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Connan Mockasin Brings 'Caramel' to Amoeba Hollywood This Friday

Posted by Billy Gil, January 15, 2014 03:50pm | Post a Comment

connan mockasin amoebaConnan Mockasin’s Caramel was one of the more intriguing records of 2013. As syrupy and sumptuous as its name would suggest, the native New Zealander’s second album is a trip, yawning awake with spacey love songs, delving into psychedelic soul singles (the irresistible “I’m the Man, Who Will Find You”) and moving into a five-part, mind-bending suite called “It’s Your Body.” Even among underground releases, it’s a strange bird, and an album that stays with you. I sat down with Mockasin to ask about the record as he prepared to play in San Francisco. He’ll be at Amoeba Hollywood this Friday Jan. 17, performing at 6 p.m.

 

There’s a really interesting quality to the album that the whole thing feels kind of warped and disorienting, but you get used to it as the album goes on. Was that part of the idea, to create a sort of all-encompassing sound world?

Mockasin: I didn’t really think about it too much. I just wanted to make what a record that was called Caramel would sound like. That’s just what I had in my head.

connan mockasin caramel amoebaWhat made you choose the word “caramel” as inspiration?

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Toy Love Song

Posted by The Bay Area Crew, July 15, 2013 07:25pm | Post a Comment

A 1980 interview with a bunch of new bands based in Auckland by the old New Zealand rock mag Rip It toy loveUp posed the question, "How would you most like the audience to react to your music?"

All the bands interviewed answered that they liked it best when the punters hit the dancefloor...except Chris Knox, the peripatetic vocalist for Toy Love. His response? "We'd rather stun them..."

Done and done. Over their all too brief two-year life, the South Island band were the best in the country by a long shot, packing pubs and slaying the hundreds of people who packed in to see them.

The band put out three singles and one LP before splitting up in late 1980. Their impact was monstrous in NZ, directly influencing the formative years of the country's premier indie label in the '80s, Flying Nun.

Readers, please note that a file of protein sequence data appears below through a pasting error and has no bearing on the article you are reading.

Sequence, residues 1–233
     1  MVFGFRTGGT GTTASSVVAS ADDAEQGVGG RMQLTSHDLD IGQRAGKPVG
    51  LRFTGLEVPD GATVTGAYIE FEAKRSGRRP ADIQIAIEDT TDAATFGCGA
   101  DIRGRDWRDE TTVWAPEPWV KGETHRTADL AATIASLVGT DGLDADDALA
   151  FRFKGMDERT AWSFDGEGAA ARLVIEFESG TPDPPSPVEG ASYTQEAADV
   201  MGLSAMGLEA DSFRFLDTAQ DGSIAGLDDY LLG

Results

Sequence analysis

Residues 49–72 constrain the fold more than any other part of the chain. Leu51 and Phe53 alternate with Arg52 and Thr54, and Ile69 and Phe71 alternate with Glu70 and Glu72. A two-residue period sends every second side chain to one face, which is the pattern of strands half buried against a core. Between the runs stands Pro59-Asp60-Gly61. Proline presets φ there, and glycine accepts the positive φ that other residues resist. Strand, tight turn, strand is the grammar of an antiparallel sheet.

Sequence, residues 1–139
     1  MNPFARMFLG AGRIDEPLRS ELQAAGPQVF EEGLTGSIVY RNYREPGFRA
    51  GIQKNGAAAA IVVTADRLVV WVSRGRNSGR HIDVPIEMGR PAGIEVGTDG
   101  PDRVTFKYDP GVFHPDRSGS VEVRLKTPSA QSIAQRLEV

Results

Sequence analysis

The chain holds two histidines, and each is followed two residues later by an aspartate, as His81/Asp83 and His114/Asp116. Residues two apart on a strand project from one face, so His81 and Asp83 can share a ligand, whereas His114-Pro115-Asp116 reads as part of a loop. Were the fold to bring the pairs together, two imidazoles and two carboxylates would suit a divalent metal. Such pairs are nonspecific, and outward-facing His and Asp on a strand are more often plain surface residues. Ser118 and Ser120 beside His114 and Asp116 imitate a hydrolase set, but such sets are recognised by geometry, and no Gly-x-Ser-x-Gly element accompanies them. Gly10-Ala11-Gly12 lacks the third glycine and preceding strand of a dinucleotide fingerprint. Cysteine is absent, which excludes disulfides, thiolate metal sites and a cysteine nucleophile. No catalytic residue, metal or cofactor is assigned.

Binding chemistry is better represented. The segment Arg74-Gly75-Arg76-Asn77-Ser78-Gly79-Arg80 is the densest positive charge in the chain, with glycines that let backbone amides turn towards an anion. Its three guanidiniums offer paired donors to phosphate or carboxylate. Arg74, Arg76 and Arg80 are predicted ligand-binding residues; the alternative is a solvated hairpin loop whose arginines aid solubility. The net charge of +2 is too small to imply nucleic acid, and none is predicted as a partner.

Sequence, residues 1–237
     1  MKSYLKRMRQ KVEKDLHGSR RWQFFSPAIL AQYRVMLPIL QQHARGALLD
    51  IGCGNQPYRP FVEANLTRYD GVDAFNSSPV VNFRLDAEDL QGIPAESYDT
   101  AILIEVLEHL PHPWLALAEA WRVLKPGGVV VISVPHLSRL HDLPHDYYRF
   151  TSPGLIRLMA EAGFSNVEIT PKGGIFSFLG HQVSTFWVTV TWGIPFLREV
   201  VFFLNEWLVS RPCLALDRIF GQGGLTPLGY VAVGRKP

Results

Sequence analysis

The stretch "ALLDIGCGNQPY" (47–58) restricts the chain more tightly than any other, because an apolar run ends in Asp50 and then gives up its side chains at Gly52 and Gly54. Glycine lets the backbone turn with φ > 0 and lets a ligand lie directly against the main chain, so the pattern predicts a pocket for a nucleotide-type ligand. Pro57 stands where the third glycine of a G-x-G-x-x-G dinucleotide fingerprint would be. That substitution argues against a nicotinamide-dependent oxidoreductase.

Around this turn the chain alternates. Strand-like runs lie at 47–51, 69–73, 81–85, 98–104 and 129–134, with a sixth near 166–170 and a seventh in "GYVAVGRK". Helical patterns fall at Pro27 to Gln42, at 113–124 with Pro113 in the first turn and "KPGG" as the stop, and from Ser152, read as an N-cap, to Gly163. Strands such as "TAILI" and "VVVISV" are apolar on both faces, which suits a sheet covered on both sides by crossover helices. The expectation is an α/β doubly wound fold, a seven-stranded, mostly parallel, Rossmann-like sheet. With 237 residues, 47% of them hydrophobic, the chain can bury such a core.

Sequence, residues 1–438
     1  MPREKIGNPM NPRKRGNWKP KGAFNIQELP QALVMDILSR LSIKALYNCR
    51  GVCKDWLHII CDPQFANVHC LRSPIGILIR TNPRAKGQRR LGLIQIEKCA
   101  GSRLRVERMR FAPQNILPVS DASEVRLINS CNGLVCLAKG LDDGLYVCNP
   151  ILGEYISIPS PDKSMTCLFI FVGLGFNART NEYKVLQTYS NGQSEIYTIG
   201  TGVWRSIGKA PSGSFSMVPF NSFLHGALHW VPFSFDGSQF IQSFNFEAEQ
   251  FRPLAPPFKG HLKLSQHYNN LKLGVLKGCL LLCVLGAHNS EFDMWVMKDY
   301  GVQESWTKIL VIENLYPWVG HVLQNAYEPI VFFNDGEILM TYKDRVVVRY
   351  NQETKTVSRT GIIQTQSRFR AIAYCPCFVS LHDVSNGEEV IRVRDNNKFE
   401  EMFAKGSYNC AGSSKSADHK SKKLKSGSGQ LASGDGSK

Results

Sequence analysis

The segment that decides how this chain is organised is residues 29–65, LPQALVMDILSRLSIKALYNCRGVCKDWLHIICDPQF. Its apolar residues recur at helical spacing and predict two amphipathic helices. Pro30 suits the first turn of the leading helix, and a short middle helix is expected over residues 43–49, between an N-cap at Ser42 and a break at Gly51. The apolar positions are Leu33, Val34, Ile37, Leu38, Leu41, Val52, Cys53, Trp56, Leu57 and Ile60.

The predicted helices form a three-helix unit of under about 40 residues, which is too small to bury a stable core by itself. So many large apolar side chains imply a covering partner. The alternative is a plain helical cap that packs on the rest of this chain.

Brooklyn label Captured Tracks has just released a vinyl document of Toy Love's recorded output, toy lovean eponymously titled double LP comprising the best of the LPs and singles, along with other recorded material and demos. Your writer was an unabashed fanatic; I saw all but one Toy Love show in Christchurch, and a bunch at other places around the country.

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CHRIS KNOX (TALL DWARFS, TOY LOVE, THE ENEMY) SUFFERS STROKE

Posted by Billyjam, June 13, 2009 09:27am | Post a Comment
Chris Knox "Not Given Lightly" (1990)

Chris Knox, the pioneering New Zealand musician of influential Kiwi bands The Enemy, Toy Love, and the Tall Dwarfs, is reportedly in an Auckland hospital today after suffering a stroke two days ago. The talented New Zealander, who also co-founded the country's legendary indie Flying Nun record label in the early 80's, is a major figure in the development of the kiwipop story.
Chris Knox
A living legend in his native New Zealand, the 56 year-old Knox's rich & respected career dates back to late 70s NZ punk era bands The Enemy and Toy Love, followed by being one-half (along with The Enemy guitarist Alec Bathgate) of the quirky oddball 4-track pioneering duo the Tall Dwarfs, whose music I highly recommend you seek out at Amoeba if you don't already have it in your collection. (For a prime example of their sound, check the video down below of the brilliant Tall Dwarfs song "The Brain That Wouldn't Die.")